The microscope has been used for scientific discovery. It has been linked to the arts since its invention in the 17th century. Early adopters of the microscope, such as Robert Hooke and Antonie van Leeuwenhoek, were excellent illustrators. After the invention of photography in the 1820s the microscope was combined with the camera to take pictures instead of relying on an artistic rendering. Since the early 1970s individuals have been using the microscope as an artistic instrument. Websites and traveling art exhibits such as the Nikon Small World and Olympus Bioscapes have featured a range of images for the sole purpose of artistic enjoyment; some collaborative groups, such as the Paper Project have incorporated microscopic imagery into tactile art pieces as well as 3D immersive rooms and dance performances. Close-up Digital microscope Macro photography Microphotograph Microscopy USB microscope Make a Micrograph – This presentation by the research department of Children's Hospital Boston shows how researchers create a three-color micrograph.
Shots with a Microscope – a basic, comprehensive guide to photomicrography Scientific photomicrographs – free scientific quality photomicrographs by Doc. RNDr. Josef Reischig, CSc. Micrographs of 18 natural fibres by the International Year of Natural Fibres 2009 Seeing Beyond the Human Eye Video produced by Off Book - Solomon C. Fuller bio Charles Krebs Microscopic Images Dennis Kunkel Microscopy Andrew Paul Leonard, APL Microscopic Cell Centered Database - Montage Nikon Small World Olympus Bioscapes Other examples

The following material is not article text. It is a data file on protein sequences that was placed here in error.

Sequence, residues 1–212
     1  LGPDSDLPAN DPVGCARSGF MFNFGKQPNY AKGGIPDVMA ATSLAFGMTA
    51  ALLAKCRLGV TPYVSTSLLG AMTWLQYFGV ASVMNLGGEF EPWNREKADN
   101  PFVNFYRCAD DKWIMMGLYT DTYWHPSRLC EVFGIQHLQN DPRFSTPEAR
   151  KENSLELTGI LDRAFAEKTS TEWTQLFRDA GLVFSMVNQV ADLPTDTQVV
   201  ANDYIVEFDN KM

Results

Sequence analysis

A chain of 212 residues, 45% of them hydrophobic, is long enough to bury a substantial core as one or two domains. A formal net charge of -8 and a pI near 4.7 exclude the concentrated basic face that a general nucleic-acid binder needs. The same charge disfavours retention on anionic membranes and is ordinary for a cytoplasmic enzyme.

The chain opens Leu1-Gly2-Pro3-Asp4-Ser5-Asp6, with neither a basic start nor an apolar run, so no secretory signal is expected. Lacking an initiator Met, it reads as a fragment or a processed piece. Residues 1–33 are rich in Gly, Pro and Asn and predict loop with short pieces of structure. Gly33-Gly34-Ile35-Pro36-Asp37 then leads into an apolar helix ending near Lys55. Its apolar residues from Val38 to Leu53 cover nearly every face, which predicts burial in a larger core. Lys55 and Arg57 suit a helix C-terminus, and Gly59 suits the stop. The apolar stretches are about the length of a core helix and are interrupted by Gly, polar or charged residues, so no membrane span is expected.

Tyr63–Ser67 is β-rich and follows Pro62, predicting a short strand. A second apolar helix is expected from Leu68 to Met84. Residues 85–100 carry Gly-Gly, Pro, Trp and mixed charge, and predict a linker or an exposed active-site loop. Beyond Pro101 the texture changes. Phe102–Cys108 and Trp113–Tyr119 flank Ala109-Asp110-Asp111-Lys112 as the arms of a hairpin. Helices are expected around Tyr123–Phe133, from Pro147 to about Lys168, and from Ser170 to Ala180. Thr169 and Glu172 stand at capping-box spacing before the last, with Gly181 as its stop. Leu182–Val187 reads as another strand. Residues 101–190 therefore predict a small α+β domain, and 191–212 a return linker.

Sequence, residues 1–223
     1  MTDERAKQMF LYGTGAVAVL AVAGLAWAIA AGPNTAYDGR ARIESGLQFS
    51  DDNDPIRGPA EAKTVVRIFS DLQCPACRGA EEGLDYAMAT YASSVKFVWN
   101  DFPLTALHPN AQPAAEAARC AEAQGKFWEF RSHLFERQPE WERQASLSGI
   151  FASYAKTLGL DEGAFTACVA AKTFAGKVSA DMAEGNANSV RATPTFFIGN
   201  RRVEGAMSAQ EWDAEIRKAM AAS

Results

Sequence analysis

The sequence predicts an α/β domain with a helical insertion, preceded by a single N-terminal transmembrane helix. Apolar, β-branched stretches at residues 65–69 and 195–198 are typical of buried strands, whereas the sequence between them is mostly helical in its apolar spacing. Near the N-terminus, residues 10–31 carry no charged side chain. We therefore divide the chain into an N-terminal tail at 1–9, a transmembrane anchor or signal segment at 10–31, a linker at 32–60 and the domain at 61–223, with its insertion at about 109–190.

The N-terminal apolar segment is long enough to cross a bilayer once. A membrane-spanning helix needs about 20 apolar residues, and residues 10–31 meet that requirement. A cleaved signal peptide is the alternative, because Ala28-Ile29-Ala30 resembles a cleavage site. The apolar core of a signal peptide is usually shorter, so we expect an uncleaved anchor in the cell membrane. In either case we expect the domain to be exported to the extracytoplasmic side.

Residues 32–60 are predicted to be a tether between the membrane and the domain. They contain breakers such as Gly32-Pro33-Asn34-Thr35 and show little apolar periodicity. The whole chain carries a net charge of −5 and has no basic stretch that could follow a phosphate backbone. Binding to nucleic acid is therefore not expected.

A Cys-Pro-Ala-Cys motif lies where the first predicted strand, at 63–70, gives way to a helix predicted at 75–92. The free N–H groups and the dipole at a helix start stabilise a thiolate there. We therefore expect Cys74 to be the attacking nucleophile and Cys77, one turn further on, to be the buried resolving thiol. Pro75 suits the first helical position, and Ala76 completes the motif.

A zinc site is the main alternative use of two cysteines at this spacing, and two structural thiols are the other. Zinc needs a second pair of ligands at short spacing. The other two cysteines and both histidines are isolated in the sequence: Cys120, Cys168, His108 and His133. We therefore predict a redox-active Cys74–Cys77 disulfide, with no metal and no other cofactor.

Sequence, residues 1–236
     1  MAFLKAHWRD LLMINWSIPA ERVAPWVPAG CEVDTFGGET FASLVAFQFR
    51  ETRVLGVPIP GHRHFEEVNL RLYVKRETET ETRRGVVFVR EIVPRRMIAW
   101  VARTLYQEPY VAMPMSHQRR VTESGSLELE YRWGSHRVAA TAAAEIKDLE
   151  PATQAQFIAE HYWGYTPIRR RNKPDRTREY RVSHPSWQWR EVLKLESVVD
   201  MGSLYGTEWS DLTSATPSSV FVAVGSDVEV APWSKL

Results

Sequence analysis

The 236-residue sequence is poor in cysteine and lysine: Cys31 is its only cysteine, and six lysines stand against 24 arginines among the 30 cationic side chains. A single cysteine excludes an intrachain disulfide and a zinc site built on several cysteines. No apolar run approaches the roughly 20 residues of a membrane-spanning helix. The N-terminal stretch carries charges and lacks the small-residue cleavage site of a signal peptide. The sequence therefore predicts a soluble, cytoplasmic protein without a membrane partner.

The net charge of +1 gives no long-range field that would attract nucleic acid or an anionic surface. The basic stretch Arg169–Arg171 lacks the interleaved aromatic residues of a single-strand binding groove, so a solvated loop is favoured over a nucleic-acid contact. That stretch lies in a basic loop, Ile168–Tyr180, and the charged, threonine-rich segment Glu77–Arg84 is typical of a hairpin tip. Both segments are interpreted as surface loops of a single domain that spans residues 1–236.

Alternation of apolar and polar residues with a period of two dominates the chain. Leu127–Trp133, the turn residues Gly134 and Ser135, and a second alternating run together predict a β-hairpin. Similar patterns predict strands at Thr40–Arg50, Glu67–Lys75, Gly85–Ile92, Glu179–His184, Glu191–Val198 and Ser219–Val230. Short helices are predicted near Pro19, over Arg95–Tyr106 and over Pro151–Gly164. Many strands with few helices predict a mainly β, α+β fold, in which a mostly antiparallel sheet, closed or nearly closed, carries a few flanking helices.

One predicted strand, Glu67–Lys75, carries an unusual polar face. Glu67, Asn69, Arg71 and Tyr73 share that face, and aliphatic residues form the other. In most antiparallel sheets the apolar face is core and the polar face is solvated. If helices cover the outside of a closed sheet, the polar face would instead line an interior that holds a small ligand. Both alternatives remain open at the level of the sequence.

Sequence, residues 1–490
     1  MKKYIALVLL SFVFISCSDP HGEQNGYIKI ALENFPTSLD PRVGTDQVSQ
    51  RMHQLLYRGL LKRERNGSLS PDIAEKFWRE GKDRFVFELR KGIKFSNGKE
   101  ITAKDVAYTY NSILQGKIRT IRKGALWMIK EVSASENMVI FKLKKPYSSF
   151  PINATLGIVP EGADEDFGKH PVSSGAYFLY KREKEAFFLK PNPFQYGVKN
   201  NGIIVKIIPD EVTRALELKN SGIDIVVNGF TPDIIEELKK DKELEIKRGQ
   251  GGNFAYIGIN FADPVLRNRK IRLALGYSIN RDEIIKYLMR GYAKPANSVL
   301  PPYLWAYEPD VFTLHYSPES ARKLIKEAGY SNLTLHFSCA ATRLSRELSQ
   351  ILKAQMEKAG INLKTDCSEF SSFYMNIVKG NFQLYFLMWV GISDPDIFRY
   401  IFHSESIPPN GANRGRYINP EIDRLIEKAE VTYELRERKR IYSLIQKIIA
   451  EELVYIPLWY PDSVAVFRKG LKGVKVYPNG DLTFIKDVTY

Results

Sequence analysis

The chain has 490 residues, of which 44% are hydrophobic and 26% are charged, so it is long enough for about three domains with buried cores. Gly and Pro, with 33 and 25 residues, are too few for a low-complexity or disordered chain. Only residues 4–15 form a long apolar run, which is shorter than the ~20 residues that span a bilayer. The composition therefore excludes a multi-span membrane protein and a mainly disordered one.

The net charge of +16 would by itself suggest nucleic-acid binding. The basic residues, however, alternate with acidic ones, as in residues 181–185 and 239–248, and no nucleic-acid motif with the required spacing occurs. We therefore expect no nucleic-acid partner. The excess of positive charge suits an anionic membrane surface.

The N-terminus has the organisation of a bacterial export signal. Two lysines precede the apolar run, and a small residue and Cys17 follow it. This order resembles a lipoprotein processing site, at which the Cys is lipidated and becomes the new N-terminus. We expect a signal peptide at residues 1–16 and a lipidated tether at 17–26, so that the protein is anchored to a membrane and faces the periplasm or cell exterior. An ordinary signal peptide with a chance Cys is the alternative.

Bisphosphonates are a class of drugs that prevent the loss of bone density, used to treat osteoporosis and similar diseases. They are the most prescribed drugs used to treat osteoporosis, they are called bisphosphonates. They are thus called diphosphonates. Evidence shows. Bone tissue undergoes constant remodeling and is kept in balance by osteoblasts creating bone and osteoclasts destroying bone. Bisphosphonates inhibit the digestion of bone by encouraging osteoclasts to undergo apoptosis, or cell death, thereby slowing bone loss; the uses of bisphosphonates include the prevention and treatment of osteoporosis, Paget's disease of bone, bone metastasis, multiple myeloma, primary hyperparathyroidism, osteogenesis imperfecta, fibrous dysplasia, other conditions that exhibit bone fragility. Bisphosphonates are used to treat osteoporosis, osteitis deformans, bone metastasis, multiple myeloma, other conditions involving fragile, breakable bone. In osteoporosis and Paget's, the most popular first-line bisphosphonate drugs are alendronate and risedronate.
If these are ineffective or if the person develops digestive tract problems, intravenous pamidronate may be used. Strontium ranelate or teriparatide are used for refractory disease; the use of strontium ranelate is restricted because of increased risk of venous thromboembolism, pulmonary embolism and serious cardiovascular disorders, including myocardial infarction. In postmenopausal women, the selective estrogen receptor modulator raloxifene is administered instead of bisphosphonates. Bisphosphonates are beneficial in reducing the risk of vertebral fracture in steroid induced osteoporosis. Bisphosphonates are recommended as a first line treatments for post-menopausal osteoporosis. Long-term treatment with bisphosponates produces anti-fracture and bone mineral density effects that persist for 3–5 years after an initial 3–5 years of treatment; the bisphosphonate alendronate reduces the risk of hip and wrist fractures by 35-39%. Risedronate has been shown to reduce the risk of hip fractures. After five years of medications by mouth or three years of intravenous medication among those at low risk, bisphosphonate treatment can be stopped.